Why we should care about Taiwan

It is no secret that China wants to reunify with Taiwan. Yang Jiechi, the top foreign policy aide for Chinese President Xi Jingping, has said as much. They have a name for it, the “One China” policy, and have deemed this objective (reunifying with Taiwan) unnegotiable.

Given Biden’s recent performance in Afghanistan and his unapologetic role in the elevation of a terrorist organization to a national power as well as his recent speech stating that the US is no longer in the business of nation building, I have diminished hopes that Taiwan will remain free of China’s ambitions. Here is why the world economy has to worry and here’s why I know about this.

Before I wrote a regular column for this paper, well before, I analyzed public equities in the semiconductor and semiconductor manufacturing industries. My job was to stay current on everything I could know about on companies like Applied Materials. ASM Lithography, KLA-Tencor. I also covered companies like Taiwan Semiconductor Manufacturing, United Microelectronics (UMC), and Semiconductor Manufacturing International, the first high profile mainland Chinese foundry. I was one of the analysts on the initial public offering of SMIC. In short, I have followed the semiconductor industry for a long time. I’ve visited their factories, befriended their executives. The semiconductor industry is at stake as a result of the geopolitical threats that now exist.

The first transistor was invented in a room in AT&T’s Bell Labs in New Jersey in 1947. The transistor quickly became the integrated circuit (more transistors, more complexity). It quickly found footing in California in the 1950 with Shockley Semiconductor and Fairchild Semiconductor. Those were the decades when California’s political environment favored manufacturing. These devices are the intelligence behind every technical piece of hardware you, dear reader, are currently touching right now. Even software is written to ultimately give instruction to semiconductors. The semiconductor industry is one of the most significant industries to have come out of the twentieth century. It was decidedly an American industry, invented in America, grown in America.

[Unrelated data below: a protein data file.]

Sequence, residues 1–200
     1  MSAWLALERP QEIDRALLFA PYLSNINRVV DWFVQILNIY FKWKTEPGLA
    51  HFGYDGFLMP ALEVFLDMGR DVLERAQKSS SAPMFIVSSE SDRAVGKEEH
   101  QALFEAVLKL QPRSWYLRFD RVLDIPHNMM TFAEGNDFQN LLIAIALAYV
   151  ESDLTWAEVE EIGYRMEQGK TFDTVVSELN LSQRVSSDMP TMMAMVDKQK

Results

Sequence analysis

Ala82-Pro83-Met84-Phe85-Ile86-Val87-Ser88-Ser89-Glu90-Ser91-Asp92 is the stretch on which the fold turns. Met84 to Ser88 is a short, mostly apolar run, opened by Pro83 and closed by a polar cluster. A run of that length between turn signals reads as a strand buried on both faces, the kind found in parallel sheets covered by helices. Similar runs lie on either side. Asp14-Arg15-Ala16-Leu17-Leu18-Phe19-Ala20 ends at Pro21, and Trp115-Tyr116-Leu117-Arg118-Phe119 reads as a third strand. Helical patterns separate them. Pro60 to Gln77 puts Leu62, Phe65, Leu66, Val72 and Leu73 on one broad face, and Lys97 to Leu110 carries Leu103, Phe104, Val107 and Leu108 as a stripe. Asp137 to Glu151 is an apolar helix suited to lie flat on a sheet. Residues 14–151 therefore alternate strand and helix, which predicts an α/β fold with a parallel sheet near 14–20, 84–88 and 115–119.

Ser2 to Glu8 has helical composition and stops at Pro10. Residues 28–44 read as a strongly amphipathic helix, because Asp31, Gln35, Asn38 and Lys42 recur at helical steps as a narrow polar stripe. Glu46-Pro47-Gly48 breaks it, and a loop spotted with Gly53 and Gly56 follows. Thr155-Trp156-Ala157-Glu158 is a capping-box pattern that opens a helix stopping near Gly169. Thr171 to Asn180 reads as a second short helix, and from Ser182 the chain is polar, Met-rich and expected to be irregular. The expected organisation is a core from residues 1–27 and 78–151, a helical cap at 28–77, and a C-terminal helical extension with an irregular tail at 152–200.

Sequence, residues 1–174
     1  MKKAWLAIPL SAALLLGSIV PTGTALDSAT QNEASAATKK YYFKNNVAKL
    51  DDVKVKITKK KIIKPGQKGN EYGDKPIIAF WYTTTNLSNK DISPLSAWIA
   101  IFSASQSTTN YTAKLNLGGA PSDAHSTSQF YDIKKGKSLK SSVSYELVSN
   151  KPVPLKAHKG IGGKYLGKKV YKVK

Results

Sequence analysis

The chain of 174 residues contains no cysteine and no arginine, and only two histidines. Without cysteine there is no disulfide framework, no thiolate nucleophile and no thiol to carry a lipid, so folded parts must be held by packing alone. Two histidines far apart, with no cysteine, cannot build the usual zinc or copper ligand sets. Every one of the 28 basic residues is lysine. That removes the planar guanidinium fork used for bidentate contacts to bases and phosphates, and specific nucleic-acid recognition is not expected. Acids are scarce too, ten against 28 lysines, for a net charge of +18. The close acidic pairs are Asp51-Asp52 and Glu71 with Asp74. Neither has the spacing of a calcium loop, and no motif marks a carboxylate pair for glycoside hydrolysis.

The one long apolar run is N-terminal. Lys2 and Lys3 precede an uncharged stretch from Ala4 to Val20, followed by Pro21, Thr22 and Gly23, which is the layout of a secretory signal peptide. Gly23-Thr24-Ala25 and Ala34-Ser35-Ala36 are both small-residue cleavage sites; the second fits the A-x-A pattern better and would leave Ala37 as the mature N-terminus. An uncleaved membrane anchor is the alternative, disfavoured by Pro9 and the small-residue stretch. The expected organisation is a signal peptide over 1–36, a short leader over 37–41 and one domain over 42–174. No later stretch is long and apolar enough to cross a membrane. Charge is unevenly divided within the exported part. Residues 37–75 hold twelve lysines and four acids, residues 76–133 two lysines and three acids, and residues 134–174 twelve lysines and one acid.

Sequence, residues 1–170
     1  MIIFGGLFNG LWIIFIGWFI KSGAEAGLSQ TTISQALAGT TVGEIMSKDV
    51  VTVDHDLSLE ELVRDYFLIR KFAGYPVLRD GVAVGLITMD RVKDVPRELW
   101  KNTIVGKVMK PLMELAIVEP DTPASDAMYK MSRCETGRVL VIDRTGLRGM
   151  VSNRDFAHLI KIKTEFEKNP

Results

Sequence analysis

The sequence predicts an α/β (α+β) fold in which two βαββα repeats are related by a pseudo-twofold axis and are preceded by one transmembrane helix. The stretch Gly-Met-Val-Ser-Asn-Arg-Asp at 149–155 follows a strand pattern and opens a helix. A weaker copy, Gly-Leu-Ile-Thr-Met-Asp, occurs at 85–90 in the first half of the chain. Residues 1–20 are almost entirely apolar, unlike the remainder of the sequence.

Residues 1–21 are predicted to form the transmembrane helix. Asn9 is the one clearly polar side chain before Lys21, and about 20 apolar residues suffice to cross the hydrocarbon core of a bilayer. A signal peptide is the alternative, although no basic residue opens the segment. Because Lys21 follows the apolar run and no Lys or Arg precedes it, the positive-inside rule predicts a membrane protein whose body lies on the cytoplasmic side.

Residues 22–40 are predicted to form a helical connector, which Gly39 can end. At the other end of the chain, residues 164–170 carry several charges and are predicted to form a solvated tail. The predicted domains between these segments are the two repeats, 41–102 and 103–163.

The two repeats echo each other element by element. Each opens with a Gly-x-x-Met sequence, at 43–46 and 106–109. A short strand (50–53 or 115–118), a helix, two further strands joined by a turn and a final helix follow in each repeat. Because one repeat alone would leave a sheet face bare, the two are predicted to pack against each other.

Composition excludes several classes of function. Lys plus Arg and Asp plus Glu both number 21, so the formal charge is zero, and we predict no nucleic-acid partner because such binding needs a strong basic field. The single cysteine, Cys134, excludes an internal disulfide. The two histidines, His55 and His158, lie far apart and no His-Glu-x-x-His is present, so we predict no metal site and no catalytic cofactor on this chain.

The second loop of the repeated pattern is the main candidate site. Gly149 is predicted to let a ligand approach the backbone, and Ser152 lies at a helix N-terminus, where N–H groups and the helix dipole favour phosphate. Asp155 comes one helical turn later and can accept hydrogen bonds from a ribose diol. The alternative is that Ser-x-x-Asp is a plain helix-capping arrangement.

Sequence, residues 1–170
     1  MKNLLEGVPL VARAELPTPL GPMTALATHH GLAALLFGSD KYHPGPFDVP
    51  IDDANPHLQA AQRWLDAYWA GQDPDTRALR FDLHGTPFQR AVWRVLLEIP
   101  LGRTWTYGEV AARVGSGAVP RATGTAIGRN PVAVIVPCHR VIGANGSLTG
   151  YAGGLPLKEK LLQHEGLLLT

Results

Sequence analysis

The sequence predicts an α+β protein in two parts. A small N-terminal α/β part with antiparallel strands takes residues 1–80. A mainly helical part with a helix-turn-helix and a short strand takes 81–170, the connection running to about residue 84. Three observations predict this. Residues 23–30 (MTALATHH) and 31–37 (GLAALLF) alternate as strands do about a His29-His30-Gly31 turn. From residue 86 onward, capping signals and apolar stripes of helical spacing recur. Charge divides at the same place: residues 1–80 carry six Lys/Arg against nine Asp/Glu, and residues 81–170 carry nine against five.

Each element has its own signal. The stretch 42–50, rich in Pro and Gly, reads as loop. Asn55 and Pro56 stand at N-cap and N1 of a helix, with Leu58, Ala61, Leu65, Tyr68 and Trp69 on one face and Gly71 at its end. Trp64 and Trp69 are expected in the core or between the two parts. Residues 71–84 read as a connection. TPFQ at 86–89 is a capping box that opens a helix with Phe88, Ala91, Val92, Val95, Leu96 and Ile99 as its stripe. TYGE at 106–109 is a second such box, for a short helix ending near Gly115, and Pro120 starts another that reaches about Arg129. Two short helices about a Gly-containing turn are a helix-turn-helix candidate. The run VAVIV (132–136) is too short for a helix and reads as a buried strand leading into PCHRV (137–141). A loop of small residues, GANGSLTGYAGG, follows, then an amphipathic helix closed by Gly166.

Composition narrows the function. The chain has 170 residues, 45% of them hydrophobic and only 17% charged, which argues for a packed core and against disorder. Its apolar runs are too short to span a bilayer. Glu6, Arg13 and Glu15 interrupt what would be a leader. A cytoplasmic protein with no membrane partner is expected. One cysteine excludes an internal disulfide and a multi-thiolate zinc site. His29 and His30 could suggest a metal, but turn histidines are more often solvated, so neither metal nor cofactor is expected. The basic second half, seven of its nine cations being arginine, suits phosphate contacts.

In the 1990s, a new business model emerged in the semiconductor industry, the foundry/fabless model. As manufacturing became more prohibitive in California (due to onerous regulations), companies with creative/technical brainpower still conceived of and designed the chip in the United States. They just manufactured elsewhere. The go-to partner for a designer of chips is Taiwan Semiconductor Manufacturing. Most of TSMC’s profits, however, are made through the division that makes advanced photomasks. Photomasks are the plates that hold the layer by layer design of a semiconductor at the lithographic step. Photomasks are made and revised and made again in an expensive iterative process until a final semiconductor design can be converted into the millions of little devices that go into the electronics that we all use.

If China takes over Taiwan, this process of semiconductor design and manufacturing will be disrupted. Designs of advanced semiconductor chips will reside in code or physical mask sets at the hands of a Chinese-occupied Taiwan. This will cost progress in the entire electronics industry. It may put manufacturing at a stand-still and cause unforeseen disruptions in products dependent on the semiconductor industry. It will be like a pandemic but for the technology industry.

So, don’t just be afraid that China’s desire for Taiwan will impair Philippine sovereignty, it will also give them string-pulling power over one of the world’s most important industries.